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How does an LED work?

Light-emitting diodes – commonly called LEDs– are found in several your MakeCrate projects. They come in a range of colors, sizes, and intensities. Our directions and videos emphasize that the LEDs must always be connected in the correct direction, and if you reverse one in a circuit, you’ll see that it no longer works. Let’s look at what is going on inside and LED that makes it work like that.

First, we’ll start with some vocabulary.

A diode is an electrical device that allows for the current to move through it in one direction.

A semiconductor is a material that allows electricity to pass through it partly. This is different than a conductor, which allows electricity to flow freely, and aninsulator, which allows almost no electricity to pass through.

So, an LED is a diode that contains two types of semiconductor material inside. On one side, there is p-type material, which contains positively charged particles called “holes”. On the other side, there isn-type material, which contains extra electrons, which are negatively charged.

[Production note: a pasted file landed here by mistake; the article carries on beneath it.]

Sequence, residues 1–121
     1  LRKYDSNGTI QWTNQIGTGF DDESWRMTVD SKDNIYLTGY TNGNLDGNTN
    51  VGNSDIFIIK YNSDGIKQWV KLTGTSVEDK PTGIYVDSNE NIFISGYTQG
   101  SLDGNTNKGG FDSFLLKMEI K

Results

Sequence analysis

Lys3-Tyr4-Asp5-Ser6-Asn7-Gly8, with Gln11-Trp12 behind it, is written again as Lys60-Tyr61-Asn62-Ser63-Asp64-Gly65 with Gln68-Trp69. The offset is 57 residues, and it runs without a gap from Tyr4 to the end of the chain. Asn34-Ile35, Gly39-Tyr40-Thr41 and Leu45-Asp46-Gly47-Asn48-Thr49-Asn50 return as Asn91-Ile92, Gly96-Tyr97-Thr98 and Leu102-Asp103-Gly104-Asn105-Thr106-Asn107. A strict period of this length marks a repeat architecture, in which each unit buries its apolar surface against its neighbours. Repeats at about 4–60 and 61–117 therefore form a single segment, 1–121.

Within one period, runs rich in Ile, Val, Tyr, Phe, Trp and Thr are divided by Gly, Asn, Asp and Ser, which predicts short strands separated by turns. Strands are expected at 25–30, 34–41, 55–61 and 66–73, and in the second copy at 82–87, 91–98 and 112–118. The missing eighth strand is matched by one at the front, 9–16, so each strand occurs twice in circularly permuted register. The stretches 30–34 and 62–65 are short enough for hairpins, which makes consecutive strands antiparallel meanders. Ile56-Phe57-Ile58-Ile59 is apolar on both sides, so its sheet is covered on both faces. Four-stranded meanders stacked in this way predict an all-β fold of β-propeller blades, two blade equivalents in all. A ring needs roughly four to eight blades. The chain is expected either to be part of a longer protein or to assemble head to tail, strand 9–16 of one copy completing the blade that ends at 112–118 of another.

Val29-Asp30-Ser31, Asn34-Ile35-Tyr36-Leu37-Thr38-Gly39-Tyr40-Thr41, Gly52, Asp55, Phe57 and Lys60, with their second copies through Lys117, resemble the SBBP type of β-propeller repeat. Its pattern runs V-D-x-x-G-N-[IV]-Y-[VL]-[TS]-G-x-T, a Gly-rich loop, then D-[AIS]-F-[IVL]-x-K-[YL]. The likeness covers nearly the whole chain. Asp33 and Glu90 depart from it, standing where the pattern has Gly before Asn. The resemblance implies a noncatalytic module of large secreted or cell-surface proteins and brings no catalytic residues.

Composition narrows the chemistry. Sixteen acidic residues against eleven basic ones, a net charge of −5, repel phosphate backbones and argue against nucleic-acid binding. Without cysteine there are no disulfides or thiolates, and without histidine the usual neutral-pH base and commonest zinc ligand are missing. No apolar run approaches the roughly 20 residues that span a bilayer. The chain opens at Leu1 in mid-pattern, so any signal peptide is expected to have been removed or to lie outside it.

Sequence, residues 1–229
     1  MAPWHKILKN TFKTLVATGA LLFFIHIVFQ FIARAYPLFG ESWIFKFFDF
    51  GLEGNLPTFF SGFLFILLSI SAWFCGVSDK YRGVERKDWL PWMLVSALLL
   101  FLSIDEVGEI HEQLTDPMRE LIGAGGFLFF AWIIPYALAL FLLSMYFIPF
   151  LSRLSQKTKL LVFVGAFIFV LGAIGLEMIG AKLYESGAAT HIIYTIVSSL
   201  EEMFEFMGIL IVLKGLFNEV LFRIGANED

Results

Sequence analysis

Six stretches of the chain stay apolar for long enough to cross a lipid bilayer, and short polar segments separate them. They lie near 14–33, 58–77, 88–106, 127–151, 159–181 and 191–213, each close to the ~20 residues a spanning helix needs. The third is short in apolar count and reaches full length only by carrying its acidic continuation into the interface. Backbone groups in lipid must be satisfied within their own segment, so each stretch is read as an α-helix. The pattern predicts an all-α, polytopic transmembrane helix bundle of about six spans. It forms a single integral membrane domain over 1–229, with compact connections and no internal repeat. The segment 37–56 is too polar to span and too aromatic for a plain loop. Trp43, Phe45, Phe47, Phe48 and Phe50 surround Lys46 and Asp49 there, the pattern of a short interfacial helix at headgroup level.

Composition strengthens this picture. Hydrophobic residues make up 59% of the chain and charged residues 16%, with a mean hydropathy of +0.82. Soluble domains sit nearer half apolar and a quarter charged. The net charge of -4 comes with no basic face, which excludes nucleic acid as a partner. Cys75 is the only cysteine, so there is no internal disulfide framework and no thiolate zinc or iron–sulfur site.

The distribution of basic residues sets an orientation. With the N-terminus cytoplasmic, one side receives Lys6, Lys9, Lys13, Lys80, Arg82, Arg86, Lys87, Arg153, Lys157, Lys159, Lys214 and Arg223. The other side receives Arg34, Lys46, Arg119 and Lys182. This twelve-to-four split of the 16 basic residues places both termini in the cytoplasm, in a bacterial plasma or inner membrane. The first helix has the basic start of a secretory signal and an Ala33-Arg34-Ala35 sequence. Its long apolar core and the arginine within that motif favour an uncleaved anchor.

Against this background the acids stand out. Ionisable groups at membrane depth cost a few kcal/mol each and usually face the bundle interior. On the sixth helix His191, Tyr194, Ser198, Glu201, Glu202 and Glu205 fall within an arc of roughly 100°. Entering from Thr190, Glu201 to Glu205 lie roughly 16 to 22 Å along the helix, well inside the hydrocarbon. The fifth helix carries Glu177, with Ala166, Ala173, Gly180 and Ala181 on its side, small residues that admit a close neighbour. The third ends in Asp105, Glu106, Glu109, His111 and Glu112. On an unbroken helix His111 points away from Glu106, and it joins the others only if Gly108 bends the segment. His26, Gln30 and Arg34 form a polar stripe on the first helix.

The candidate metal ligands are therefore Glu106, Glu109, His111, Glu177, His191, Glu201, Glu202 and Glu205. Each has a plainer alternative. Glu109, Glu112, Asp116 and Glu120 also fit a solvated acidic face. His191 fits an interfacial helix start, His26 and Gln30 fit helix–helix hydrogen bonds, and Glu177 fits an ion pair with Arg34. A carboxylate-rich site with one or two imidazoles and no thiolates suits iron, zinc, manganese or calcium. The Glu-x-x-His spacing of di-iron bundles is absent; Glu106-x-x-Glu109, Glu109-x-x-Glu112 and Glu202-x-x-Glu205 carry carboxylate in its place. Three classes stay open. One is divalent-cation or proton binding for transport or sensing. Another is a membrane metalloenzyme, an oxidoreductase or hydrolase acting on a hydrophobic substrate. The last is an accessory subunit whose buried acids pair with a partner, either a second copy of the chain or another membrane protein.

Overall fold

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When an LED is inserted into a circuit, it must be done so that the side containing the n-type material is on the negative side of the circuit while the p-type material must be on the positive side.

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When electric current flows through the circuit, the electrons from the n-type material and the holes from the p-type material can move towards the other side of the material.

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Once the holes and electrons are in motion, they begin to interact, and this interaction causes the release of energy as photons, which we see as light.

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The types of material in the semiconductor determine what color light the LED emits.

Got questions? Post them in the comments below.

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